Montjoy, Charles A. Jr. and Montjoy, Joan L. to Montjoy, Charles A. Jr. and Montjoy, Joan L., Lot G-24, Gatewood Sub.
I have some good news. Last week, I provided you with a test to take to determine whether you are “financially literate.”
Since promoting financial literacy is a lifelong personal mission, I’m always looking for ways to encourage self-assessments to determine if more education is needed.
Does everyone with earnings have to file a tax return? What about an elderly parent who gets a Social Security check but has no other income, or a teenager whose sole earnings are from occasional or seasonal part-time work?
Millions of people who could possibly benefit from getting a check from the U.S. Treasury don’t. They are eligible to receive, in the words of the IRS, “the federal government’s largest benefit for workers,” the EITC (earned income tax credit).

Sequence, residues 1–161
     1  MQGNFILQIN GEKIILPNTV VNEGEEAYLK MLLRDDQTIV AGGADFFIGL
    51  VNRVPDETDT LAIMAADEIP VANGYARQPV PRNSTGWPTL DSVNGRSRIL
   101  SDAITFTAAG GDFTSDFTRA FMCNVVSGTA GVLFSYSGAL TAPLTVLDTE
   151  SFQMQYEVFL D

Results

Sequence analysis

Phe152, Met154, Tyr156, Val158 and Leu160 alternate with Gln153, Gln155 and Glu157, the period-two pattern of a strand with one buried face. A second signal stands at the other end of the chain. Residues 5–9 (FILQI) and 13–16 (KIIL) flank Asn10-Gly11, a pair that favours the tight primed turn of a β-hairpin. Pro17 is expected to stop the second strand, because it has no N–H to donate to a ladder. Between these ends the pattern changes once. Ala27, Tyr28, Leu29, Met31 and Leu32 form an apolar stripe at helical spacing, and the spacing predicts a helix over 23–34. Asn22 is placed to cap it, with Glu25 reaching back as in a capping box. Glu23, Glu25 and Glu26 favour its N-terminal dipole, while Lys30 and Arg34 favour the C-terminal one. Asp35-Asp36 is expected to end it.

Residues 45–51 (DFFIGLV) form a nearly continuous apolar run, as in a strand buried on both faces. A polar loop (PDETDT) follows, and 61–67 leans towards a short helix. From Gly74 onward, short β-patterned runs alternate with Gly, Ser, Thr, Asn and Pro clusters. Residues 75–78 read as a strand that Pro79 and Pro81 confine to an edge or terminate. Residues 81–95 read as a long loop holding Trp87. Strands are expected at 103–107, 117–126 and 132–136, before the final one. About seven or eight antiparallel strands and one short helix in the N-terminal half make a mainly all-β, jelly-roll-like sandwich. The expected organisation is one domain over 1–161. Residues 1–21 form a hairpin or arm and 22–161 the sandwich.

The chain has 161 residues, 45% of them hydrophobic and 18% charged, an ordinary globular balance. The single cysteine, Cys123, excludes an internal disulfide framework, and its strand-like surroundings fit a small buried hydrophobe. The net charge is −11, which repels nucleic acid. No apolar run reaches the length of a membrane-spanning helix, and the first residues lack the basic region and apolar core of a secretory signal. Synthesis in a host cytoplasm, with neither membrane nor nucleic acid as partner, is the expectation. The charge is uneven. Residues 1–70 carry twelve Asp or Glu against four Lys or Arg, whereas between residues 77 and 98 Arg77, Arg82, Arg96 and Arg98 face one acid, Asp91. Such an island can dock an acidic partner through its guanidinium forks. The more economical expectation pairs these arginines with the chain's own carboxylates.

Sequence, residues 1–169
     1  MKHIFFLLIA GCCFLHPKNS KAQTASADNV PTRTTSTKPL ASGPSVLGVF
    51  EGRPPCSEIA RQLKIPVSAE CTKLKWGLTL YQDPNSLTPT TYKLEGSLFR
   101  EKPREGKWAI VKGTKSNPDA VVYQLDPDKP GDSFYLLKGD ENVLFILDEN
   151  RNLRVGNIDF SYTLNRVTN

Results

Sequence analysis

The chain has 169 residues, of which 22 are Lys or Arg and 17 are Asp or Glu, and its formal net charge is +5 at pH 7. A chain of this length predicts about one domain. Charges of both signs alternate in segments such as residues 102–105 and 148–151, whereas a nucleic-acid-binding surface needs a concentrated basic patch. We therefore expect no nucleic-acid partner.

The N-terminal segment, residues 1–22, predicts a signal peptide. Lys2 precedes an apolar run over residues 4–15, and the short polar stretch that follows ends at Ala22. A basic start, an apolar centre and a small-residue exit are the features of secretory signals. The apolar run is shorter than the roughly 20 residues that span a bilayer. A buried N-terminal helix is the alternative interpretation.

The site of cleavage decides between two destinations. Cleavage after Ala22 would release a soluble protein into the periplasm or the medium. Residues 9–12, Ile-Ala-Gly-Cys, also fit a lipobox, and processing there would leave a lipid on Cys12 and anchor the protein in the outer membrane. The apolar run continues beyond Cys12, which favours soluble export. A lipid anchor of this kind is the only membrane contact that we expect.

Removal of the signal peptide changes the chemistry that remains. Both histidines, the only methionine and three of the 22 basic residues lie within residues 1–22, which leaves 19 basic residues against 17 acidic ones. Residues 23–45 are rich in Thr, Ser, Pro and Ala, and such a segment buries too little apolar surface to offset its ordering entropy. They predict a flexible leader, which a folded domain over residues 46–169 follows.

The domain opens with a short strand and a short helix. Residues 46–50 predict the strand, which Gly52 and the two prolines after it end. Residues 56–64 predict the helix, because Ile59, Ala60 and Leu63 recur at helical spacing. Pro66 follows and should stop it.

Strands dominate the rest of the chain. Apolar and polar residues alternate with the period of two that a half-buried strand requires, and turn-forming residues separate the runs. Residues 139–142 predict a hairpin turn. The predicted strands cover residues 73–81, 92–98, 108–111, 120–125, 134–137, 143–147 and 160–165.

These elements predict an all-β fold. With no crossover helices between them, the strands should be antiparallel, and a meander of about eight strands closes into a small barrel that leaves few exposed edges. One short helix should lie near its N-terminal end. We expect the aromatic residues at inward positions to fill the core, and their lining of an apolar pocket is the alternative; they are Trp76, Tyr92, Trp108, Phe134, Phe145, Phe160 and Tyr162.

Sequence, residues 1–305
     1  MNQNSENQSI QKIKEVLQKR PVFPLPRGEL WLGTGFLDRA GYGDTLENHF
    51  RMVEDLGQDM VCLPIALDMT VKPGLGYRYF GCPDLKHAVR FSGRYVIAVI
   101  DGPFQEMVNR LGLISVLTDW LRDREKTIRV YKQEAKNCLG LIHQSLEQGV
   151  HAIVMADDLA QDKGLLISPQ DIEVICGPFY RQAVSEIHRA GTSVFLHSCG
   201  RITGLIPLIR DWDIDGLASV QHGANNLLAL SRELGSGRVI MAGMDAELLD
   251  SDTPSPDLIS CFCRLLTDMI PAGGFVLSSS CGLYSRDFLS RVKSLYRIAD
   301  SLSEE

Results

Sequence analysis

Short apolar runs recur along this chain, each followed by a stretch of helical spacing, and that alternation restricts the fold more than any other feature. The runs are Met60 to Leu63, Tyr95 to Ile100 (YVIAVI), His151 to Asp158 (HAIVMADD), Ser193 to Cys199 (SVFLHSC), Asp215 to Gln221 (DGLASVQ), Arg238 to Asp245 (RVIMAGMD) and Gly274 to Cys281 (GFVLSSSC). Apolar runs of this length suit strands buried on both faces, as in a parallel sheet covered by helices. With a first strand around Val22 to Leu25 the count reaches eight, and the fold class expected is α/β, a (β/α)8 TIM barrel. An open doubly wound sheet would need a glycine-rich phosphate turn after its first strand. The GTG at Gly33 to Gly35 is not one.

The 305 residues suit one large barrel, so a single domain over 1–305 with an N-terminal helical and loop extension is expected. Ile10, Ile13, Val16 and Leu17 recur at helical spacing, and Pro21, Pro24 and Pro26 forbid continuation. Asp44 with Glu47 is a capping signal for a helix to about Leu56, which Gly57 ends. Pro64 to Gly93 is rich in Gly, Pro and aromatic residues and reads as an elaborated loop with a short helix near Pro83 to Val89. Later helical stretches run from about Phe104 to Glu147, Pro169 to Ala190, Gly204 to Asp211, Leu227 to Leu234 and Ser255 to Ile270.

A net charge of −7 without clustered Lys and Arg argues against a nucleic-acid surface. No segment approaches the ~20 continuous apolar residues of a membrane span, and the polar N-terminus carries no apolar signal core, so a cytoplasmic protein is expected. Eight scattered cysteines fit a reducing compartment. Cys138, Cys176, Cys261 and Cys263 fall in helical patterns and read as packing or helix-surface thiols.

No doubt, you’ve been reading about the SECURE Act’s impact on retirement accounts. The SECURE Act was passed in December 2019. Regulations have not been issued as of yet, so be sure to talk with your attorney or accountant before taking any action.
It’s a new year! If you are one of the millions (99 million, according to WalletHub, a personal finance website) who make New Year’s resolutions, have you started working on any of them?
Last week, we talked about the law on required minimum distributions (RMDs) for 2019. As anticipated, the president signed the SECURE Act into law on Dec. 20. As a result, beginning in 2020, RMDs will be subject to some new rules. (If you would like a copy of my May 23, 2019, column on the S…
The SECURE Act, which affects retirement accounts, may be signed into law by the time you read this. I’ll update you next week. In the meantime, let’s talk about the law on required minimum distributions (RMDs) as it stands right now.